After testing the NBA draft waters without an agent, the 6-foot-11 Huell will be back for the Hurricanes. Starting all 32 games for the program last season, Huell averaged 11.4 points and 6.6 rebounds per game while shooting 57 percent from the floor.

“After getting feedback from NBA teams and talking it over with my family and coaches, I would like to announce that I will be returning to Miami for my junior season,” Huell said in the release. “I’m really excited to get back to work with my brothers so we can accomplish more than ever during the 2018-19 season.”

A former McDonald’s All-American coming out of high school, Huell’s return gives the Hurricanes stability in the front court for next season as he’ll play with other returning players like Sam Waardenburg and Ebuka Izundu. With Miami losing both Lonnie Walker and Bruce Brown early to the 2018 NBA Draft, Huell could be expected to provide more offensive production as a junior.

Bruce Weber receives contract extension at Kansas State

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Kansas State and head coach Bruce Weber have agreed to a two-year contract extension, according to a release from the school.

After leading the Wildcats to a surprising Elite Eight appearance in March, Weber will be the head coach at Kansas State through the 2022-23 season, which gives him another five seasons to work with. Weber will be paid $2.5 million in 2018-19 and he’ll receive a $100,000 increase to his salary in each remaining contract year.

Weber had already signed a two-year extension in August 2017, but this move gives the veteran head coach more job security (and positive recruiting perception) for the next few seasons.

“We are very fortunate to have not only such an outstanding basketball coach but also a man in Coach Weber who conducts his program with integrity and class and is widely respected across the nation,” Kansas State Director of Athletics Gene Taylor said. “Certainly last season was one of the most memorable postseason runs in our program’s history, and we are excited for next season and the years ahead under Coach Weber’s leadership.”

With Kansas State returning most of its roster from last season, including the return of guard Barry Brown from the 2018 NBA Draft process, expectations are sky-high for Weber and the Wildcats this season. Currently ranked as the No. 8 team in the NBCSports.com Preseason Top 25, Kansas State’s veteran club could give Kansas a serious run for a Big 12 regular season title this season.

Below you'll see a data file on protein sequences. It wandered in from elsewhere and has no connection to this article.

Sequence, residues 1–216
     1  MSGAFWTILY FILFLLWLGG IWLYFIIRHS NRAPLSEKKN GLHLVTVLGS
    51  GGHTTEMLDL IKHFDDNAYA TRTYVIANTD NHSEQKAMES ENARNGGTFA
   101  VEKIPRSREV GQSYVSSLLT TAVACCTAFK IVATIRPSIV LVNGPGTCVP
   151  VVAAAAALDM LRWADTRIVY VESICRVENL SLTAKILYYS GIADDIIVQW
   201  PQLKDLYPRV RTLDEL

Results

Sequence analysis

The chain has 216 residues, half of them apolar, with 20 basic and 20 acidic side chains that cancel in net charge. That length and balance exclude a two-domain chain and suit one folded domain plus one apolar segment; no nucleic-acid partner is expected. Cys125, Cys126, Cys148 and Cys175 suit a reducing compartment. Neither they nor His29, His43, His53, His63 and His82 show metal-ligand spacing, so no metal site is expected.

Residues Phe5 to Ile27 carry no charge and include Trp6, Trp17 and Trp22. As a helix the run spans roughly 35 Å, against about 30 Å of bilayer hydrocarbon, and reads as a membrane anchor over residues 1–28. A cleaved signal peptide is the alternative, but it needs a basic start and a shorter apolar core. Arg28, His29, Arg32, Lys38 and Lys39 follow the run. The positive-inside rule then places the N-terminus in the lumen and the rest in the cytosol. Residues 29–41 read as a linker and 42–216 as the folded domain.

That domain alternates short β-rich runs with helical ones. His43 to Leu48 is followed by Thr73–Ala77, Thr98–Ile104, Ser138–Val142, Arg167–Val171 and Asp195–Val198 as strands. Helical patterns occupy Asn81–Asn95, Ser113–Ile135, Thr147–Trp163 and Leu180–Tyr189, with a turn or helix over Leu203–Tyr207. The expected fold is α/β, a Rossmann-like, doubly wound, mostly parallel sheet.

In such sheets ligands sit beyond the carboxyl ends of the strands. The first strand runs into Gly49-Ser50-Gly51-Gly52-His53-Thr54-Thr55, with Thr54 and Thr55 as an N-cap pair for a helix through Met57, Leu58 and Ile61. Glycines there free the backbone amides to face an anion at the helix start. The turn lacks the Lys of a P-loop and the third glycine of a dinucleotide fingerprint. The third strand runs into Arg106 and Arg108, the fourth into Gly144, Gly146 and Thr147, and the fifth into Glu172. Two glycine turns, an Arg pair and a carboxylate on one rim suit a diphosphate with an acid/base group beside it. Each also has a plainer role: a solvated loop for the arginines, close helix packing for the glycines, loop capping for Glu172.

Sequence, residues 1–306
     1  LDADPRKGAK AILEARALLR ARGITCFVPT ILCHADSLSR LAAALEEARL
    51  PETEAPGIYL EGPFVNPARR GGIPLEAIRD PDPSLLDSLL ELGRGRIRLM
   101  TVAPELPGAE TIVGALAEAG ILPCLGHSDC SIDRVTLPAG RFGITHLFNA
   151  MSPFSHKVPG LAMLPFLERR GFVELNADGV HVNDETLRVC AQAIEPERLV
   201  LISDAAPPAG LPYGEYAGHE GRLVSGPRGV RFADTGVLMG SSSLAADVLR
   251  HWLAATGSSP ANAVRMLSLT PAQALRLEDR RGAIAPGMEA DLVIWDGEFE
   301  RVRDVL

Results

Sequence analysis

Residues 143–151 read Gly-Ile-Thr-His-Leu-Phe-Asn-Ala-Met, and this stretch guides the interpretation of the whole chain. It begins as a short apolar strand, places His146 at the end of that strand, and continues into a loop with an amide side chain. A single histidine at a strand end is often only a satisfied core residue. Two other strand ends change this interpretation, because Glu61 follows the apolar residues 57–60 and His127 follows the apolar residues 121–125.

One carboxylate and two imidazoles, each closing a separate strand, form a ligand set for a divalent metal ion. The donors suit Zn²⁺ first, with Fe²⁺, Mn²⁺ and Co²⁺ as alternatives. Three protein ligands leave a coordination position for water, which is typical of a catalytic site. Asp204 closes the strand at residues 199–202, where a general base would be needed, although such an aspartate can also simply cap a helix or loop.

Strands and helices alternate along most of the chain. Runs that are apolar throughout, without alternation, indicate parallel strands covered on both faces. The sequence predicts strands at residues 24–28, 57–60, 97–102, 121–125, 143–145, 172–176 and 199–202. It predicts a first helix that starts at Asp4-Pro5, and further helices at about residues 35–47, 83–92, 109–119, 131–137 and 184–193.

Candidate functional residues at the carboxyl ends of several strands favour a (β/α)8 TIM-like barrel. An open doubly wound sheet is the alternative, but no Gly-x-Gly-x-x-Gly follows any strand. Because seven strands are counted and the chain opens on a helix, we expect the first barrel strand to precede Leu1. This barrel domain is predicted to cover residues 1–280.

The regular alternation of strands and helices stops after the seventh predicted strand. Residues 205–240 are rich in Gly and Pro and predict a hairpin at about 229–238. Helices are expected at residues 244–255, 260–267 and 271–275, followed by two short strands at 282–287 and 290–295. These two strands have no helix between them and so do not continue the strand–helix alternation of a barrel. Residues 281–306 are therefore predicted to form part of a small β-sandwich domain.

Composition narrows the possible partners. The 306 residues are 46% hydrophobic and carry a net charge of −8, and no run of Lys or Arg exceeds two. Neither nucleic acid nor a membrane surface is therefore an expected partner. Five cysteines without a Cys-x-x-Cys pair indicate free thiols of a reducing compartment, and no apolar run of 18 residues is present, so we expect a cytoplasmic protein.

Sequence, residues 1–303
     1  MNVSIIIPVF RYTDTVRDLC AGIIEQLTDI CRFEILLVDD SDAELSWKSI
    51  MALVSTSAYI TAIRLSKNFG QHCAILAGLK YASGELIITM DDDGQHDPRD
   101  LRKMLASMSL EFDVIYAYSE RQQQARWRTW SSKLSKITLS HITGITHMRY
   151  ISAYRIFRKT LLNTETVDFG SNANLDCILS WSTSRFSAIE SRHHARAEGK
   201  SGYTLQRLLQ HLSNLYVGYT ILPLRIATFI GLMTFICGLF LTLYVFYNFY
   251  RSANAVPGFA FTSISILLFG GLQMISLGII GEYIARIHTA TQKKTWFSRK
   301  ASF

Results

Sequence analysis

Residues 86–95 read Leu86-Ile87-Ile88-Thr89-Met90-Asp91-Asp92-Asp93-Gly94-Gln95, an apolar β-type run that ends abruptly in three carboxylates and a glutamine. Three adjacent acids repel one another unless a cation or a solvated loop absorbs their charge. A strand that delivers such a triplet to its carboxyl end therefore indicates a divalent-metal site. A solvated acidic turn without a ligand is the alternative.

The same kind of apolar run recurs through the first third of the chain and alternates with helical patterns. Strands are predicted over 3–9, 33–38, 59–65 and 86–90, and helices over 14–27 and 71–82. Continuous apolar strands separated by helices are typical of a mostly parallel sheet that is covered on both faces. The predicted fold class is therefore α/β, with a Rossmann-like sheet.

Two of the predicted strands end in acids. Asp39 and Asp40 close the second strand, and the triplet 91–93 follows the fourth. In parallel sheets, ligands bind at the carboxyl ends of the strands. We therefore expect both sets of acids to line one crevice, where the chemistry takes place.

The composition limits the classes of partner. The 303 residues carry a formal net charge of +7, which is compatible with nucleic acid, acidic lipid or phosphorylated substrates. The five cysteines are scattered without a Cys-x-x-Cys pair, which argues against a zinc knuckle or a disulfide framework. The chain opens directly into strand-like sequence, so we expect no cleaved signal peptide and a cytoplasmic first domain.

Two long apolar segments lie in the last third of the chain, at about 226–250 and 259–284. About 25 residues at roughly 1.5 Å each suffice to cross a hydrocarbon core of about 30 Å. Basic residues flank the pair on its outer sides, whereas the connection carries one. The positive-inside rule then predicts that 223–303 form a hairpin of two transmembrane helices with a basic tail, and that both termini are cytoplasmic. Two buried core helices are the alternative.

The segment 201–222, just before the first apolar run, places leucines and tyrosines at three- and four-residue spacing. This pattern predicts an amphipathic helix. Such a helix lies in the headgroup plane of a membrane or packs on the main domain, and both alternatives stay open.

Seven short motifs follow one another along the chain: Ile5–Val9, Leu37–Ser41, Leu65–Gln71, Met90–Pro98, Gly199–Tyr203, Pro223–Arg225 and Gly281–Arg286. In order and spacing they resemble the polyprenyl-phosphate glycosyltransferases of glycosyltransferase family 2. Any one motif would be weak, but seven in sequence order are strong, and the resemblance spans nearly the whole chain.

Northwestern loses incoming freshman point guard

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Northwestern and incoming freshman point guard Jordan Lathon are parting ways. The 6-foot-4 Lathon was viewed as a potential candidate to replace Bryant McIntosh at lead guard for the Wildcats this season, but Northwestern has reportedly revoked his offer of admission and basketball scholarship.

It is unclear why Lathon was unable to be admitted into Northwestern, but the school’s VP for University Relations, Alan Cubbage, gave a statement to Inside NU’s Davis Rich and Caleb Friedman.

“Northwestern University has revoked its offers of admission and an athletic scholarship for Jordan Lathon, a recruit for the Northwestern men’s basketball team,” the statement said. “Out of respect for the privacy of the student, the University will have no further public comment.”

Lathon later acknowledged the situation in a tweet explaining to fans that he will no longer be attending Northwestern.

While it is unclear why Lathon and Northwestern are parting ways, other high-major programs are already very interested in bringing in Lathon for next season. Oklahoma State immediately jumped in with a scholarship offer. There is also speculation that Lathon, a native of Grandview, Missouri, could also hear from the in-state Tigers as well.

It’ll be interesting to see where Lathon lands, and how this also affects Northwestern’s point guard situation. The loss of a four-year starter like McIntosh will be tough to fill, especially since Lathon was committed to Northwestern since last June. It wouldn’t be surprising to see the Wildcats and head coach Chris Collins seek out a veteran point guard graduate transfer to try and get some immediate help.

Nebraska’s James Palmer Jr. returning to school

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Nebraska received some important news on Friday night as senior guard James Palmer Jr. will be back for next season.

The 6-foot-6 Palmer had tested the NBA draft waters, but he decided to return to the Cornhuskers. After putting up 17.2 points, 4.4 rebounds and 3.0 assists per game last season, Palmer is expected to be an All-Big Ten candidate once again this season. Palmer shot 44 percent from the floor and 30 percent from three-point range last season.

After transferring in from Miami, Palmer became the Huskers’ go-to scorer last season in helping Nebraska to a 22-win season and NIT appearance.

With Palmer back, Nebraska will have some legitimate expectations for the upcoming season, especially if the team’s second-leading scorer, Isaac Copeland Jr., also returns from the NBA draft process.